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Antique Garden Tractor
"I built my little tractor in memory of the 1928 Deere `D' and call it the 5010 Jr. because when I built it in 1960, the 5010 was the biggest tractor of its time, just like the D was in its time," says Harry Zacher, Maddock, N. Dak.
Zacher used a wide assortment of parts to build the tractor. The 15 hp, 2-cylinder engine and the radiator is from a 1936 no. 12-A 6-ft. Deere pull-type combine, with the governor altered to run slow. The rear 16-in. high bar-type grip tires, which Zacher bought new, were designed for a self-propelled swather, and the smaller front tires are off a boat trailer. The front axle (turned so it bows upward) is from a 1935 Chevrolet and the rear axle is from a 1936 Plymouth. Both axles were narrowed up to fit. The hydraulic brakes are from a 1949 Ford car.
"I built it because the 1928 Deere D was the first tractor I ever owned and I wanted to remember it," says Zacher. "In those days people said the `D' stood for the `Daddy of John Deeres'. I paid $90 for it. When I built my scale model in 1960, the Deere 5010 was among the biggest tractors on the market, and there weren't any Deere garden tractors available. I built it mostly to do chores around the yard, but it got so handy that I used it in the field to rake and bale hay, haul bales, herd cows, and drive to town on Sundays. I even built a I -row cultivator for it to use in our garden. Now I use it mostly in parades. When I want to make the tractor smoke like it's pulling hard, I step on the brake and the governor opens up so it pops loud just like the real D did when it was under load. I also use it to store machinery in my quonset building. The front hitch allows me to push machinery into tight places. The engine has plenty of power for any use. It's geared down so low that I can't kill it."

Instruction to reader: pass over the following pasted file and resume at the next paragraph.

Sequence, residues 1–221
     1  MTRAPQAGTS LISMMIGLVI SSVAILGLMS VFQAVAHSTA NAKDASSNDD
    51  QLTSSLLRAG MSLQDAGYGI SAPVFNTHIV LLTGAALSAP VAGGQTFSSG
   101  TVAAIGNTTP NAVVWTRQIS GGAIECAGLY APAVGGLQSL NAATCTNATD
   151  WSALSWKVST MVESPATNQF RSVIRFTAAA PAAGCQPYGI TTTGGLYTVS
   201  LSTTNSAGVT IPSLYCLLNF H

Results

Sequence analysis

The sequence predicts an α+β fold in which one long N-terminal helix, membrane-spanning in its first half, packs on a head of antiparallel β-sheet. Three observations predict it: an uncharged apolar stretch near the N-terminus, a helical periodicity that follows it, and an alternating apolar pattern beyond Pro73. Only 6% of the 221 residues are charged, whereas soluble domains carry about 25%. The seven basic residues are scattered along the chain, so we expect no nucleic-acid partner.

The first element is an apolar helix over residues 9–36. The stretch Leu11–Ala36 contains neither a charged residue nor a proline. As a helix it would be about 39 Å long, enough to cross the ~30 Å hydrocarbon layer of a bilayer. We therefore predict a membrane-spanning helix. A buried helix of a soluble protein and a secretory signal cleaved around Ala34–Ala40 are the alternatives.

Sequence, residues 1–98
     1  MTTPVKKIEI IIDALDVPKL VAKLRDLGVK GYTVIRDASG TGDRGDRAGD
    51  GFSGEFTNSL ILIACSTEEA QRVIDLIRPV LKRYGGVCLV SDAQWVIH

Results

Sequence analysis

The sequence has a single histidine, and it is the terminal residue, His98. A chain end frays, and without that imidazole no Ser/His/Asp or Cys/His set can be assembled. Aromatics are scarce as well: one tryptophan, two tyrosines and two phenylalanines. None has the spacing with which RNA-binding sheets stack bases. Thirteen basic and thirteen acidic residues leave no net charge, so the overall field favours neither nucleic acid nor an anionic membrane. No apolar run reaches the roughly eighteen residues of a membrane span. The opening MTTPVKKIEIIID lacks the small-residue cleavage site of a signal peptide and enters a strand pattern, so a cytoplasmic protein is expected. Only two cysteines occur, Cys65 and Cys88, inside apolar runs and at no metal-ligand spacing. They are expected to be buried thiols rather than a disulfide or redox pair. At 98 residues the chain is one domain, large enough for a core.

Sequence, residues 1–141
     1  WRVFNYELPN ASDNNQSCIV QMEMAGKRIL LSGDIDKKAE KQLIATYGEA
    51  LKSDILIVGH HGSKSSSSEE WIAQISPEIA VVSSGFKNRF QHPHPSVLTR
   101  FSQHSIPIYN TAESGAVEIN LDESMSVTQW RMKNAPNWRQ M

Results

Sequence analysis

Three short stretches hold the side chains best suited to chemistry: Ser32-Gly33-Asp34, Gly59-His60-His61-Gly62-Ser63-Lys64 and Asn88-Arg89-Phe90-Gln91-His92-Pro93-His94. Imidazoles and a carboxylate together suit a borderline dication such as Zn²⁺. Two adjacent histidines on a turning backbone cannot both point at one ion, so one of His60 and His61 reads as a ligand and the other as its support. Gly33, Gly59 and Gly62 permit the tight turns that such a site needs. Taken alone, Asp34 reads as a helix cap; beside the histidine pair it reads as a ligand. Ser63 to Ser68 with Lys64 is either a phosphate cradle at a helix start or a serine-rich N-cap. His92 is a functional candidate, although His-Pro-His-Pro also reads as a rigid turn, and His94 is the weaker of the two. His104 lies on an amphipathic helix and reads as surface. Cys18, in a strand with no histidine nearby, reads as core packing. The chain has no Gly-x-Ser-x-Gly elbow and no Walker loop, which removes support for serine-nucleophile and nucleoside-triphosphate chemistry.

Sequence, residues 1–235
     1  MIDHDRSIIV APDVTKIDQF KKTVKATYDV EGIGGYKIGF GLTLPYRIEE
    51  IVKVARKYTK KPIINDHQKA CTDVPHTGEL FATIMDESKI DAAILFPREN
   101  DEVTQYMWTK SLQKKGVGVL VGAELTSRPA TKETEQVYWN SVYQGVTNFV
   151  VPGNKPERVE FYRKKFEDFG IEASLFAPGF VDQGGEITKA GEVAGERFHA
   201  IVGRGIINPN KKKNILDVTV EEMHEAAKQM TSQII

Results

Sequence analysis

The tractor has two transmissions - a 3-speed transmission in front, removed from a Model A Ford truck, and a 4-speed trans-mission behind it, removed from an Allis-Chalmers C tractor. The front transmission runs in reverse and the rear transmission runs forward. The rear end is from an Allis-Chalmers C tractor. Zacher built the tractor frame from 2 by 3-in. steel tubing. The front drive shaft is from a 1937 Terra Plane Hudson car. The rear drive shaft and universal ioim is from an Army jeep. The flywheel is from a Case K-6 combine, the ;carter from a 1945 Allis-Chalmers WD tractor, and the steering gear and steering wheel from a 1936 Chevrolet`Zacherbought the seat from a tractor supply company. He welded a pair of plow beavertails, removed from a Graham-Hoeme cultivator, onto the sides of the tractor to serve as foot rests. He removed the front wheel weights from a Case tractor and mounted them at the rear of the tractor. He cut a pair of wheel rims in ialf from a :Minneapolis Moline grain drill and welded !hem in front to protect the radiator. He built a drawbar out of a handy-man jack and mounted an A-frame hitch on it which supports a small block and tackle. A 7-ft. long, 100-lb. log chain removed from an old steam engine hangs from the block and tackle, with a sign above that says "Have chain, will pull".
Contact: FARM SHOW Followup, Harry Zacher and Sons, RR 2, Box 81, Maddock, N. Dak. 58348 (ph 701 438-2454).

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1990 - Volume #14, Issue #3